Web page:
Salad

True Life: I Fell in Love with Couscous Salad

October 19, 2015

A catered lunch is often a pretty bleak affair, with soggy sandwich towers and hockey puck cookies.

So when I notice the table in the corner of my office is set with disposable tin trays and plastic serving spoons, I’m decidedly more skeptical than excited. 

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Sure, a free meal is a free meal, and I have no business snubbing one of those, but I have been known to subsist on trail mix from the office cabinet instead of a third-party-supplied lunch when the latter looks particularly sad. 

CUT to a few weeks ago, when I commandeered a bowl of catered carrot chickpea salad so completely at my place of employment that our office manager asked if I wanted to bring the (very negligible, because I’d eaten all of it) leftovers home with me.

Where lunch was delivered from that day — and what else was even offered—are facts that remain a mystery to me, despite my fervent research. All I know for certain is that after creeping over to the spread of tin-foil-covered serving bowls and tentatively pulling a back a corner, expecting the mystery meat worst, I was met instead with a bright, beautiful side of shredded carrot, chickpeas, couscous, and feta. Simple but surprising at the same time, the salad won me hard; I’m not 100% certain that I refused to share, but if someone told me that was true, I’d believe them.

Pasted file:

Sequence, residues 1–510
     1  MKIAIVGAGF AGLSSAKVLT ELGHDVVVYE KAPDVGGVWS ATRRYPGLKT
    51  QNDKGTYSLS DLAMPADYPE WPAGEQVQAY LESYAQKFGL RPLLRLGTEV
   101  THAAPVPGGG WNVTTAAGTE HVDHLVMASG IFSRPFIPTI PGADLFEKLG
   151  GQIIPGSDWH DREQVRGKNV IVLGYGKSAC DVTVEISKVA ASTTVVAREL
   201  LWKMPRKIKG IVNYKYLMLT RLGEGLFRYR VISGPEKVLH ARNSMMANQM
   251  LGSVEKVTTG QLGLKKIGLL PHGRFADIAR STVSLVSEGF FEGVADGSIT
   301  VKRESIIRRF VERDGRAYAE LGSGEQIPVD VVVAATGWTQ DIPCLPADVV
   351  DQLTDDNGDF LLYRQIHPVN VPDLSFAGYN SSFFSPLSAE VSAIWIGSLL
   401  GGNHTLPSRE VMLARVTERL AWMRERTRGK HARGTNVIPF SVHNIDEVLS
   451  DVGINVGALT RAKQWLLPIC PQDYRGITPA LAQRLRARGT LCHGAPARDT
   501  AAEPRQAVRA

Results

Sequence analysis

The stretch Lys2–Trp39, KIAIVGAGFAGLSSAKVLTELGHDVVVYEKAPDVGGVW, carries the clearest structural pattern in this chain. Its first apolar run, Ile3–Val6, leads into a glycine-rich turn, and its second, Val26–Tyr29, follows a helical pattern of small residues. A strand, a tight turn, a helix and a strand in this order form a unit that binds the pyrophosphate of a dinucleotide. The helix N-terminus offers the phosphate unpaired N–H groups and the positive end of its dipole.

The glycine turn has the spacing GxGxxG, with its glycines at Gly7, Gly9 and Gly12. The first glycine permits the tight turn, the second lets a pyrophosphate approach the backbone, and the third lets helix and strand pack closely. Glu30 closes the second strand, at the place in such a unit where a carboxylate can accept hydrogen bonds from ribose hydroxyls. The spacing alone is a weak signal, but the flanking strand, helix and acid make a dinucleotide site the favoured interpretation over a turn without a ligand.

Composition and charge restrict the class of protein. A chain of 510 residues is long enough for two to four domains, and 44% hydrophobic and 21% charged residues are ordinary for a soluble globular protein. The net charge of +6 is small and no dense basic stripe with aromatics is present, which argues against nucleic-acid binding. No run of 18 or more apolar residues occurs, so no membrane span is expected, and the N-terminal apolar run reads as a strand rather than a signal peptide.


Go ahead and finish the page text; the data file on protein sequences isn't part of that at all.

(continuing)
The recipe that follows is my best attempt at recreating that salad, borne from a place of acceptance that I will likely never have the real thing again. My only hope is that on some lunch-catered day in the future, The Powers That Be will repeat a previous order. Now I sprint to the lunch table every time, just to check. 

Carrot Chickpea Couscous Salad

Serves 4 as a side

1/2 cup dry Israeli couscous
1/2 cup chicken stock
2 teaspoons cumin
2 teaspoons coriander
1/2 teaspoon ground ginger
1 cup shredded carrots
1 can chickpeas, drained and rinsed
1 clove garlic, minced
1/2 cup crumbled feta
1/3 cup sliced almonds
1 to 2 tablespoons olive oil
1/4 teaspoon salt
A few serious turns of fresh ground pepper 

See the full recipe (and save and print it) here.

Photos by James Ransom

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